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By Pastor Cook
February 15, 2017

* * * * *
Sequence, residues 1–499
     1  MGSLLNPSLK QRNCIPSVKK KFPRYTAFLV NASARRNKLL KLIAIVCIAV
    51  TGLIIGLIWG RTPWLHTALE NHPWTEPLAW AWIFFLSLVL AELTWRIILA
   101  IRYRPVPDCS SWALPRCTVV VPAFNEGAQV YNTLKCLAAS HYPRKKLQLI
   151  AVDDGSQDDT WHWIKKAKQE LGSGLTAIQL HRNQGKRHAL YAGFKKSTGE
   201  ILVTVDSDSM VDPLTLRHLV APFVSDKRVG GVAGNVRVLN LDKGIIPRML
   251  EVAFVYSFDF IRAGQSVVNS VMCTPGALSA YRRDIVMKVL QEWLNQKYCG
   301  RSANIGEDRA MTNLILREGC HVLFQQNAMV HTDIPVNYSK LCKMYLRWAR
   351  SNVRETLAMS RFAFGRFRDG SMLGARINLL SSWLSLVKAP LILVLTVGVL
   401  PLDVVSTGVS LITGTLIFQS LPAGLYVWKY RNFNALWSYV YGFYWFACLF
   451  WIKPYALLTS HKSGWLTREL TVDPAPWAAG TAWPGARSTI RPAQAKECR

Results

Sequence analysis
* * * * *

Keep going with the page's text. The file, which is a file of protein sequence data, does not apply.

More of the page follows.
Pr Cook: Psalm 51 is a penitential psalm where we can see how God brought good even out of David's terrible fall. We would not have Psalm 51 in our Bibles if David had not sinned but God overruled. (Read v 13-17) I remember watching on TV Apollo 11 landing on the moon and the words of Mr. Armstrong, "One small step for man and one giant step for mankind." In recent years, we've had the Rover on Mars bring back pictures of the red planet. We can look at the advancements and amazing accomplishments to remind us that God has made us in His image and man is fulfilling the creation mandate to subdue the earth. Something even more amazing is that we can speak to God Himself, the God who made us and all things. Everything in this world has His fingerprints all over it. We can talk to the God of gods in the Heavens - where that is exactly I don't know. He's a transcendent Being who sits upon a throne of absolute sovereignty and yet He's mindful of us. Even more than that, He listens to us. We have His ear. Even more impressive than having the ear of the president of the United States. We have the ear of God, who has the heart of the king in His hand. We know from Psalm 139 that He's aware of every word that comes off our tongue. But there is a difference between our ordinary prayers that God hears and our actual praying. He takes a different interest in our praying; the Proverbs author says He delights in our prayers. God has a discrimination, attentive ear when we pray; a delight. He loves to hear us pray. How can we be sure God hears our prayers? From our Bibles, what are some arguments we could use to say, "Yes, I am sure God hears my prayers."? Many reasons we could give. One is, we pray in the name of His Son. Jesus did say, If you ask in My name my Father will answer your prayers. We pray Christ-mediated prayers. Second, is praying in line with Psalm 51, with a broken-spirit and a contrite heart - He will not despise that. Think of the Pharisee and the Publican praying in the Temple. God hears one man but not the other. What is the difference? One had a broken heart and contrite spirit. The other man was proud and self-righteous. If we come humbly acknowledging we need mercy we can be assured of God hearing our prayers. Third, if we prayer filial prayers. That is we pray to a Father in Heaven who hears us. We are His adopted children. He will hear us because we are His children. We can pray with confidence, knowing we are not on a fool's errand.